Schools get attention on tour

Mark A. Johnston, superintendent of Shenandoah County Public Schools, helps Caidyn Freeman, 5, with a worksheet in kindergarten class at Sandy Hook Elementary School in Strasburg on Friday. Members of the county School Board and Board of Supervisors toured the three northern campus schools Friday morning. Rich Cooley/Daily

Local leaders on Friday continued their tour of Shenandoah County Public Schools by visiting Signal Knob Middle School, Sandy Hook Elementary School and Strasburg High School.

Not participating in Friday’s tour were Shenandoah County Board of Supervisors Vice Chairman Dick Neese, Chairman Conrad Helsley and Shenandoah County School Board members Chairman Karen Whetzel and Vice Chairman Richard Koontz.

Signal Knob was the first stop.

The school has 444 enrolled.

Part of the tour was teacher Jason Poole’s technology classroom where students were working on coding and robotics.

Signal Knob Middle School student Emily Grimsley, 10, tells School Board member Michelle Manning, left, about a paper she is writing in her class on Friday.

One of the students was 13 year-old eighth grader Tegan Allen, who was working on a small robotic vehicle she built.

“When we are hiring anytime I can hire a female engineer my H/R (human resources) gets all bubbly. There is tremendous growth because there is no programmers,” Shenandoah County Board of Supervisors Karl Roulston, who owns Regulus Group, said. “The earlier they understand technology the further ahead they are.”

The group saw what the school terms a “maker space” — a trailer where students creatively use technology class tools such as a laser cutter and a 3-D printer.

“I’m impressed. We did not have tech (classes) growing up,” Roulston said.

The tour participants were greeted as they walked down a hallway by the seventh grade at Signal Knob hiding in a common area.

Cynthia Walsh, District 3 School Board member, looks through virtual reality goggles with her colleagues during a tour at Strasburg High School on Friday. Rich Cooley/Daily

“We are family. I got all my teachers with me,” they sang and danced.

Supervisor Dennis Morris, a farmer, slipped on a pair of overalls to join staff and students who were celebrating Farmer Day at Sandy Hook.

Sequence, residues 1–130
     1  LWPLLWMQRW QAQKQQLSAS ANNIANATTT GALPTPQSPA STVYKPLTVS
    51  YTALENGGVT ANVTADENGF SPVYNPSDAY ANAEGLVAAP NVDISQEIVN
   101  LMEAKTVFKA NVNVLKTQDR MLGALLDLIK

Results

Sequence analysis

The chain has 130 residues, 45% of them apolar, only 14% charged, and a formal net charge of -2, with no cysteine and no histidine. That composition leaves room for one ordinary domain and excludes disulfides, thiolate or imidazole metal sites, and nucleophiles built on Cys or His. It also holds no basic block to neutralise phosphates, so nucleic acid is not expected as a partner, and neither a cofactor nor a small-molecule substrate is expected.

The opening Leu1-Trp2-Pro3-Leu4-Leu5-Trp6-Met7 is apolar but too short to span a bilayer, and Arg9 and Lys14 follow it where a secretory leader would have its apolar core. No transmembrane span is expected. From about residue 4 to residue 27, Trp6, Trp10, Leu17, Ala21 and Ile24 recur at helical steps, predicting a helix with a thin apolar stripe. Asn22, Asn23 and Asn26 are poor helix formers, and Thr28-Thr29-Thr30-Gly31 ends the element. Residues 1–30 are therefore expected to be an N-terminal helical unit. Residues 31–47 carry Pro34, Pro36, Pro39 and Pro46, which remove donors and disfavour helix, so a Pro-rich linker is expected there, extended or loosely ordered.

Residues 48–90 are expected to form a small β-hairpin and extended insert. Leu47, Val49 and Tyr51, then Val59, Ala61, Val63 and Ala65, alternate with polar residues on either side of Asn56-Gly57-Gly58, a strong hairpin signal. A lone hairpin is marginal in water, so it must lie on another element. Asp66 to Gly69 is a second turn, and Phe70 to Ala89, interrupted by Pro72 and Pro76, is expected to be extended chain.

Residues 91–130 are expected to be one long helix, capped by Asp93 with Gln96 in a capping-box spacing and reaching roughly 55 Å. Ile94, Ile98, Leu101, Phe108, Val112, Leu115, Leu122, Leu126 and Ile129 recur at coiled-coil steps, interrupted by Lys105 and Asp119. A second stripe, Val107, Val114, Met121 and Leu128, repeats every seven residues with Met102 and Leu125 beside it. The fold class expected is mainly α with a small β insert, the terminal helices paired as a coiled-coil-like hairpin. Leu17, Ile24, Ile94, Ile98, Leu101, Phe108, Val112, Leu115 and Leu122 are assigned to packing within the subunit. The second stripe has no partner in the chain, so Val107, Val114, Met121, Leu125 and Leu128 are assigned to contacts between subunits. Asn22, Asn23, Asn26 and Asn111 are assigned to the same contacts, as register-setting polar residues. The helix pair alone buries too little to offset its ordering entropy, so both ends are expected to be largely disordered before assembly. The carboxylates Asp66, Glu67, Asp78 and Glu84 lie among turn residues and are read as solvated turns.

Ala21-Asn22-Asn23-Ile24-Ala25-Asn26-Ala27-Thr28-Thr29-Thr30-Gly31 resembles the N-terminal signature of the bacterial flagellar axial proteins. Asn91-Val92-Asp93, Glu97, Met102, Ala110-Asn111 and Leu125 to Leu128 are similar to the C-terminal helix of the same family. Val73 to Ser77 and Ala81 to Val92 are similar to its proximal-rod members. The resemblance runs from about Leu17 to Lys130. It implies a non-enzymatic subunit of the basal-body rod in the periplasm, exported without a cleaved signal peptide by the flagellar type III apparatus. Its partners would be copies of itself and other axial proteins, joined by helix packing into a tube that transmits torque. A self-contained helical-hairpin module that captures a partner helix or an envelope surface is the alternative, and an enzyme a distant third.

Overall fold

“My granddaughter goes here. I told her I was coming in in my work clothes,” Morris said.

The leaders saw how the school uses every space possible as it serves and meets the demands of the 912 students enrolled at Sandy Hook.

They saw students in physical education class only able to use half of the gym, while the other half was being set up to be used for lunch, which was quickly approaching.

Principal Robin Shrum talked of how hard it is to have events.

“We try not to do many things because of the work the custodial staff has to do,” Shrum said.

The staff has to move 400 chairs from a storage building outside the school, across a parking lot, and wrestle them through school doors and set them up in the gym, putting staff at risk of being hurt, she said.

“I take it you can’t have an assembly,” Morris asked.

“No,” Shrum said.

An auxiliary gym for the school has been on the list of needed projects for years.

The visitors saw the temporary trailers that were brought in to alleviate overcrowding that have now been used for 12 years. Those trailers do not have bathrooms, forcing those in need to find the nearest bathroom in the main building.

Shenandoah County Public Schools Superintendent Mark Johnston discussed with the members of both groups other much needed work, such as the air system at Signal Knob being so old that when parts fail those parts have to be manufactured.

He also talked about how the division has three roofs on school buildings that need to be replaced, as well as a chiller at North Fork.

Strasburg High School Assistant Principal Derek Ritenour showed the local leaders around the school where 606 students are enrolled.

Those on the tour saw the old carpeting in areas of the building that, long past its life,  held together with tape, pulling apart at the seams and threadbare with holes in it.

They saw an old secondary gym with chipped paint and a broken scoreboard.

“This is not the impression we want people to leave with,” Ritenour said.

In the room is a small stage that is used for drama and other productions, despite the fact the lighting system no longer works as it should.

Ritenour also discussed security concerns and the need to replace some cameras and add more.

The School Board and Board of Supervisors members also  saw how the school has been added on to, including the science wing where students learn astronomy, oceanography, biology and other courses.

Students in astronomy were preparing reports on astronomers but took time to show those on the tour the constellations, which are projected onto the walls with lasers.

Students in the class also conduct pulsar research and some have been listed as contributing to peer reviewed papers. A Strasburg student who was part of this research six years ago found a pulsar.

They also saw the school virtual reality lab where students use technology to virtually visit other areas of the world or times past.